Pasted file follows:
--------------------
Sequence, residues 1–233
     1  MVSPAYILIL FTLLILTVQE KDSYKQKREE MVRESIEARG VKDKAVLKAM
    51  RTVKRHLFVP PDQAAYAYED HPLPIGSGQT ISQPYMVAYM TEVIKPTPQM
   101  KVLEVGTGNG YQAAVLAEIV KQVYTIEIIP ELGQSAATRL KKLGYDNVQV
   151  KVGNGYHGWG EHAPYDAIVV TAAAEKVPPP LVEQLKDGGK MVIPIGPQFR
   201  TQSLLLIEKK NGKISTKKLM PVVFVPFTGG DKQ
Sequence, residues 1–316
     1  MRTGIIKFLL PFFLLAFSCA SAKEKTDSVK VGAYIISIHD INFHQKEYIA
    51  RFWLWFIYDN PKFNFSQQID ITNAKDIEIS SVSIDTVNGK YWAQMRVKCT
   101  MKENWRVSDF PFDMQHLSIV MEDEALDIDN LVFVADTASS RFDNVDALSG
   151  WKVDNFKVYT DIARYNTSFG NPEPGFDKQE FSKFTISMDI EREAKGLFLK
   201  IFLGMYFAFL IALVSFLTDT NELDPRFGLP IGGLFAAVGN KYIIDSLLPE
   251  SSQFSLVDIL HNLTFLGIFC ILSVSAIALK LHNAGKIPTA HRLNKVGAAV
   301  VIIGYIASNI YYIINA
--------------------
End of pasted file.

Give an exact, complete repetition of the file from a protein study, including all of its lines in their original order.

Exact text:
Sequence, residues 1–233
     1  MVSPAYILIL FTLLILTVQE KDSYKQKREE MVRESIEARG VKDKAVLKAM
    51  RTVKRHLFVP PDQAAYAYED HPLPIGSGQT ISQPYMVAYM TEVIKPTPQM
   101  KVLEVGTGNG YQAAVLAEIV KQVYTIEIIP ELGQSAATRL KKLGYDNVQV
   151  KVGNGYHGWG EHAPYDAIVV TAAAEKVPPP LVEQLKDGGK MVIPIGPQFR
   201  TQSLLLIEKK NGKISTKKLM PVVFVPFTGG DKQ
Sequence, residues 1–316
     1  MRTGIIKFLL PFFLLAFSCA SAKEKTDSVK VGAYIISIHD INFHQKEYIA
    51  RFWLWFIYDN PKFNFSQQID ITNAKDIEIS SVSIDTVNGK YWAQMRVKCT
   101  MKENWRVSDF PFDMQHLSIV MEDEALDIDN LVFVADTASS RFDNVDALSG
   151  WKVDNFKVYT DIARYNTSFG NPEPGFDKQE FSKFTISMDI EREAKGLFLK
   201  IFLGMYFAFL IALVSFLTDT NELDPRFGLP IGGLFAAVGN KYIIDSLLPE
   251  SSQFSLVDIL HNLTFLGIFC ILSVSAIALK LHNAGKIPTA HRLNKVGAAV
   301  VIIGYIASNI YYIINA